WHAT’S IN A NAME?
By Toneye Eyenot
“All you have to do is say his name. Just speak his name and He will come. Then, fiend… It will finally be over.”
“Rishhh…Rshh.” The blind man lay naked, prone and broken across the large wheel, positioned horizontally face down and bound with all manner of restraints. His broken left hand, manacled in a rusted iron fetter, dangled limply over the rim. The right; equally mangled, held fast with dirty copper wire. His fingers, swollen and purple from deprivation of blood flow had stiffened and now stretched helplessly toward some invisible salvation, as he unsuccessfully tried to give his torturer what he demanded.
The fact he was barely conscious, making it a struggle to form a coherent word, was compounded by the seven fish hooks attached to the wheel by short lengths of twine and roughly pierced through his lower lip. Countless times as he would begin to fade, his tormentor had pulled his head up by the fringe, ‘accidentally’ tearing a hook or two free. Soon, there would be no more lip to re-hook.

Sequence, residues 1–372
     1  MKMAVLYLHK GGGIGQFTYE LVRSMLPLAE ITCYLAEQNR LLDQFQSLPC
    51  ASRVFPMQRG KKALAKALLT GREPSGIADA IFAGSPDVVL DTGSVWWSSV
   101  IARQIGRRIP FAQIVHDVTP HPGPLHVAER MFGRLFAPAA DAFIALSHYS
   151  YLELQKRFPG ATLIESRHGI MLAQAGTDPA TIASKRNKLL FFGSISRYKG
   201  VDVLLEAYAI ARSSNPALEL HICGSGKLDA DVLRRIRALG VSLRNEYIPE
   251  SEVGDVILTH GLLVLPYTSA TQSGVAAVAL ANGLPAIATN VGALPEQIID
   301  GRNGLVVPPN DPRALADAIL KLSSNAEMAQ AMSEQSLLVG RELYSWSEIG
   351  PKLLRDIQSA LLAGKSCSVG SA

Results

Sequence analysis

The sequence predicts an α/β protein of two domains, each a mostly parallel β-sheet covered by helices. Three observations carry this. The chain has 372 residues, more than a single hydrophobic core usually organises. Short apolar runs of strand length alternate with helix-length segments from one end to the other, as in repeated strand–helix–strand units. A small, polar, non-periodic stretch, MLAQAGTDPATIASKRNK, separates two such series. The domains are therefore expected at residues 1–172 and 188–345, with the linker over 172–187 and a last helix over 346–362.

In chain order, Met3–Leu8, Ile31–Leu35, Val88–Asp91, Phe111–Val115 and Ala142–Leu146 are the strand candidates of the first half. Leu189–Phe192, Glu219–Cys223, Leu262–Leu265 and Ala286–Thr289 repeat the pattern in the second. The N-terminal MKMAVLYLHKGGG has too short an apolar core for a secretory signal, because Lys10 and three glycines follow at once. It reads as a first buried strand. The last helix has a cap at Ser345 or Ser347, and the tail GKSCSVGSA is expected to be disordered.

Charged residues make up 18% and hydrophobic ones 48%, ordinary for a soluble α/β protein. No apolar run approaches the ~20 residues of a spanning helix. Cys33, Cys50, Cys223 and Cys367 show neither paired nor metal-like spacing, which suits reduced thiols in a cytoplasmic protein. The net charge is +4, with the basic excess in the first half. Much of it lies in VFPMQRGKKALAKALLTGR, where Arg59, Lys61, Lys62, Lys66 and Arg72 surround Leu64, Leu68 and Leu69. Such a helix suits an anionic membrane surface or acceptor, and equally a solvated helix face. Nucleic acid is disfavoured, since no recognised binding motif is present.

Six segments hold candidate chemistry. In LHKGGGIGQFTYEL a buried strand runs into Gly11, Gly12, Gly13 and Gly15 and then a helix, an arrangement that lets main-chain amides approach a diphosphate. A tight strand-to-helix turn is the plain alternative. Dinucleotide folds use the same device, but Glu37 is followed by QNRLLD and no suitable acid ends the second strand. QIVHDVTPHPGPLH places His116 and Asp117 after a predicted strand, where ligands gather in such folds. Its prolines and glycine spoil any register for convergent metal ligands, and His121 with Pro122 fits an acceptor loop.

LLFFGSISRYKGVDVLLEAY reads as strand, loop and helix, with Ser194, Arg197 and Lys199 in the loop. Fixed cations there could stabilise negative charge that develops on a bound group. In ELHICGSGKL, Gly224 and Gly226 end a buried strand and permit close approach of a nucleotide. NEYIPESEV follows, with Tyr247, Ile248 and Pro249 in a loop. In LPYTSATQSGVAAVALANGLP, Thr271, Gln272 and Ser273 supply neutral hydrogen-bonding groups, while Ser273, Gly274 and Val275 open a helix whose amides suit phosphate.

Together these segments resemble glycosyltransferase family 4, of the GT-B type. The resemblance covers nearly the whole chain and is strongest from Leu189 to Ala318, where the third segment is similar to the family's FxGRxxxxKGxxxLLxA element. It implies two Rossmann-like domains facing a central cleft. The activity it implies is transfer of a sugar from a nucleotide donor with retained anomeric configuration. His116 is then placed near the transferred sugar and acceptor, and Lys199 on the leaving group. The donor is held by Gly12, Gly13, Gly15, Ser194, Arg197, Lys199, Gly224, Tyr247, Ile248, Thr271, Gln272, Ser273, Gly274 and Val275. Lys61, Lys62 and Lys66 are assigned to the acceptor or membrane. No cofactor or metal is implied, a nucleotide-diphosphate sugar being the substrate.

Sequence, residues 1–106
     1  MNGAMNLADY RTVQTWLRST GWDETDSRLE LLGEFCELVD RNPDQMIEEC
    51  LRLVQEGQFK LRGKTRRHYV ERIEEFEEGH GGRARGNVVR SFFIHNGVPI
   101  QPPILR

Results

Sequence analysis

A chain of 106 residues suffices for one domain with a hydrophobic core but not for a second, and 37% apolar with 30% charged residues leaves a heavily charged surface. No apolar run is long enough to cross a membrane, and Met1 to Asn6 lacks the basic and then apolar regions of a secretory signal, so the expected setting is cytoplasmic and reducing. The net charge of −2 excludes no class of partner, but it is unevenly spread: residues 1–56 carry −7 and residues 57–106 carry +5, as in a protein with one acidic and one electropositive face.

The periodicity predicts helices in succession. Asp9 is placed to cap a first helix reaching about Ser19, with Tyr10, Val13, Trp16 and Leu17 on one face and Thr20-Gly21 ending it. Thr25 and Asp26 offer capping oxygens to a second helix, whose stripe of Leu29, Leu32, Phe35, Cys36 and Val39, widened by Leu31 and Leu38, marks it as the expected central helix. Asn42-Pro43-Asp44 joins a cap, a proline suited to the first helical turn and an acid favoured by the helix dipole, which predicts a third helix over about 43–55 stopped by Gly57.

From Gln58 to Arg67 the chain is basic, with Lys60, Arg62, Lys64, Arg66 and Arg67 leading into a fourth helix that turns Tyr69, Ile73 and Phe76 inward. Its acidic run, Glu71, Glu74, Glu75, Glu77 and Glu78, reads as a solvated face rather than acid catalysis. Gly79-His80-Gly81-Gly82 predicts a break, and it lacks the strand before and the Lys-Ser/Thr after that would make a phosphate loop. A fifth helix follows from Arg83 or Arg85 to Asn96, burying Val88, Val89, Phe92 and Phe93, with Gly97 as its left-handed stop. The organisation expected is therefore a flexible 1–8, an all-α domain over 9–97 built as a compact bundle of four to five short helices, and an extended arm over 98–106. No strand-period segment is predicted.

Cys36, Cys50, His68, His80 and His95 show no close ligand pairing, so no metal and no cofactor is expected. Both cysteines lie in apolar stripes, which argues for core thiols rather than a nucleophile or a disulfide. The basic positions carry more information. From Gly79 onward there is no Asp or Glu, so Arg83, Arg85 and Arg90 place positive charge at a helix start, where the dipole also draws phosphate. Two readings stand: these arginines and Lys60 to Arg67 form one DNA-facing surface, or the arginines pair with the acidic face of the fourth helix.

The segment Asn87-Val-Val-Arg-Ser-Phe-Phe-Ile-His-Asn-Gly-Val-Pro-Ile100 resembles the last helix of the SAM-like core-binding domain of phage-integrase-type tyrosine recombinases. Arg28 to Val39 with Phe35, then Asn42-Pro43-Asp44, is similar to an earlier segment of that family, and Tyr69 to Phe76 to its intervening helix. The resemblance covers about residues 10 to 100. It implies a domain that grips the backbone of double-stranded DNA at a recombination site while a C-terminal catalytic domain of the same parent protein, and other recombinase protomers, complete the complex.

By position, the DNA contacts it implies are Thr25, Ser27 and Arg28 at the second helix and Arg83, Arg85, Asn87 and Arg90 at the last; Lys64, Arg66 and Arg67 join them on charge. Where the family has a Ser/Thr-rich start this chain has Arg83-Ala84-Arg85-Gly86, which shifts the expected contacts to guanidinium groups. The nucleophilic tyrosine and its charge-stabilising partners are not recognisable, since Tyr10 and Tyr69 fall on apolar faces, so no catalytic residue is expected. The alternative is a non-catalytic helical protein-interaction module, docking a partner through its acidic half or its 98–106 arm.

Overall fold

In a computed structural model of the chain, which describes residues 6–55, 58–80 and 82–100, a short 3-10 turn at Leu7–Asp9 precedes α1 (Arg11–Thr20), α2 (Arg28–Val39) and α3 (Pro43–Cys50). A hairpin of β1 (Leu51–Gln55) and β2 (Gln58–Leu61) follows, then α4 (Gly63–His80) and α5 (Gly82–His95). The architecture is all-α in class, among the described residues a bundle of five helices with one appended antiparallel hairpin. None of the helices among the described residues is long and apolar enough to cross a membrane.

“His name,” the obese and foul reeking Merwin repeated patiently; this time, more tenderly lifting the head and bringing a flask to the dying man's mouth. As he tipped it up to pour the liquid, his victim gagged and spluttered as the burning taste of Merwin’s disgusting piss spilled onto his tongue, immediately running back out over his hanging disfigured lip. Merwin was taking great delight in this wretch’s suffering. He had spent months planning for this precious time with his captive. This deplorable creature who had left him without family. Who had walked free from the courts and from custody, acquitted of any charge.
This thing no longer had the dignity of a name. The man who lay bound and broken before him had once been a close and trusted friend to Merwin, his late wife and four year old son. That trust had been insidiously betrayed time and time again as Merwin and his dearly departed Marie lived the high life. Frequenting parties where they would rub shoulders with the society elite, whilst their young boy was left at home in the sordid care of this filth.
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